A couple of years ago I wrote about the splitvg command. This takes a volume group (VG) that has been mirrored using mirrorvg, and effectively breaks off one copy of the mirror, turning it into a point-in-time snapshot. The snapshot can then be used for reports, backups or for building a new database. I'm not sure how much this is used in the real world these days, but if you are still doing your backups this way, perhaps it's time to revisit the strategy.
Split & Resynch
Never heard of it? Here's how it works.
After you've done the split of the VG, you can continue business on the "live" copy of the volume group, and then make use of the frozen snapshot copy, for example for backups, or to run some reports. It's a little like creating an alternate root disk, or running multibos to create a standby instance of the OS. With breaking the volume group mirror, you have one live copy and one snapshot copy of the same VG. As the copy which has been snapshotted (with apologies to any grammarians) starts life as a perfect replica of the primary live copy, after you've finished with the snapshot and want to resynchronise the two copies again, the process is usually faster than when you break a volume group mirror altogether using unmirrorvg. Of course, the longer the database is up on the primary copy without its mirror, and the more updates are done to that live database, the more data there will be to synchronise when you're ready to turn the snapshot back into a real mirrored copy.
I've seen this split/resynch approach used in smaller sites, especially before the days of SAN storage. One manufacturing company I worked with in the 1990s couldn't afford to shut down their database every night, do a cold backup for 3 or more hours, and then start the database again. So they did the shutdown of the database, split the mirror, and then got the database started again. Database downtime was about 10 minutes. The frozen copy was then backed up to tape. After a (hopefully) successful backup, the snapshot copy was then resynchronised, so that the two active copies of the database were back in place for the purposes of redundancy.
Back to the 90s
Now if you remember this approach from a time way back in your IT career, you may be feeling nostalgic for the 1990s when we were suspicious of Storage Area Networks (and all networks, for that matter), and when businesses relied on a nightly cold backup (and a weekly reboot: just to clear out the cobwebs). Who had ever heard the phrase "24 X 7"? Ah yes, those were the days! These days it's far more common to do backups online (without the database being shut down), or by using utilities such as SAN replication. Also, since most sites today use at the very least a small SAN, there is little value in doing software mirroring on the OS, since the SAN handles the redundancy. Nevertheless, there may still be some systems out there using the split-the-mirror approach. Often this is simply because the approach has worked for them, even if it does mean a cold backup (shutting the database down for the duration of the backup).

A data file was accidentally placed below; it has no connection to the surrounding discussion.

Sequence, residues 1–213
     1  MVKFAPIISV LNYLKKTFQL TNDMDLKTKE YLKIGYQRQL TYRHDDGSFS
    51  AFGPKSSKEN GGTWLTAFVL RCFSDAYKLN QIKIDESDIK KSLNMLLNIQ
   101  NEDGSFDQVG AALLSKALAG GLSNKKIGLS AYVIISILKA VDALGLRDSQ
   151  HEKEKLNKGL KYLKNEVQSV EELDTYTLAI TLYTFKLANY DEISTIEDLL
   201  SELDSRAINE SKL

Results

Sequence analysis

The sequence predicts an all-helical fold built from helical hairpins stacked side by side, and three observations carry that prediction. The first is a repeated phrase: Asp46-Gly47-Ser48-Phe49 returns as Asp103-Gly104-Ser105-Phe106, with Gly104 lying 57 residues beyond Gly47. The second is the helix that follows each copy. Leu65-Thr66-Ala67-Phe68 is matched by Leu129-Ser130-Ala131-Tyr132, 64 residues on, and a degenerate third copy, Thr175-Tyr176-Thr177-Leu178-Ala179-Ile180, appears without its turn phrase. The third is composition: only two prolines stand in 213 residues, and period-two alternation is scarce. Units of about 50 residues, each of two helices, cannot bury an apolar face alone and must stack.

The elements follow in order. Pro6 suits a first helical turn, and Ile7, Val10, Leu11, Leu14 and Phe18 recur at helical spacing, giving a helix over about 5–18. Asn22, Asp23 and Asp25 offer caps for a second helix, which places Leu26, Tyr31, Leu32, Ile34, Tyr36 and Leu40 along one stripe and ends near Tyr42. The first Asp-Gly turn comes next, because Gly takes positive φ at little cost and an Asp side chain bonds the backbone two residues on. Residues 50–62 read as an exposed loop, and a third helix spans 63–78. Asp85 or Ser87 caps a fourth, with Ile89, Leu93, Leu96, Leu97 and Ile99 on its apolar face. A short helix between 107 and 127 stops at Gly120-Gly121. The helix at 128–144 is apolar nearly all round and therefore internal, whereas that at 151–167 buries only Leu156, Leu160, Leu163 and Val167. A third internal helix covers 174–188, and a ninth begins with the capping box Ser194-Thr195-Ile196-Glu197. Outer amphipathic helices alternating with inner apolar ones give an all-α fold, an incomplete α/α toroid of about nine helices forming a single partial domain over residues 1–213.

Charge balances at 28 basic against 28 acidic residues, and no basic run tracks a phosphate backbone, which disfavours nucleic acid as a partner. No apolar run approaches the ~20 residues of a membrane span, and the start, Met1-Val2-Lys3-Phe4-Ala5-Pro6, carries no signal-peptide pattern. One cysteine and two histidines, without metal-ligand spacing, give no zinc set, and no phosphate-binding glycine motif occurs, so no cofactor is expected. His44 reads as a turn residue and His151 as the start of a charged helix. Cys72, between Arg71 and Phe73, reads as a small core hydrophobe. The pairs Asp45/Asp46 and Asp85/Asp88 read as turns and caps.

Splitting a Mirror Can Bring Bad Luck
Now, if you are using the split volume group strategy, and you're doing it for backups as I've just described, keep in mind two issues.
1. You will lose your redundancy from the time of running the splitvg command until you resynch the mirror again.
2. If you lose a disk, you not only lose redundancy. You also lose your backups until the disk is replaced and the mirror reinstated. This is pretty serious.
You may be able to get by for a while with losing a single disk, but that's only because you have the comfort of the data being on other disks, and at the very worst, you could revert to a backup. However, if you lose the disk and the backup, you may have a lot of explaining to do. And that's why a broken (volume group) mirror can bring you bad luck.
Update: Jim Carstensen has kindly offered some good comments. The AIX Logical Volume Manager (LVM) allows you to have three copies of a logical volume, or of an entire volume group. So you could have a three-copy mirror, split off just one copy for your snapshot, and still have redundancy by maintaining two good copies on production. It's a very good point. He also notes that even if the splitvg snapshot for backups isn't optimal, it's still better than nothing.
Look at the mirror
If you're still using this split volume group approach for your nightly backups, it may be time to look at a new strategy. Online backups, even database exports, might be preferable. Otherwise, losing a disk may mean losing a database, and leave you with no recent backup to rely on.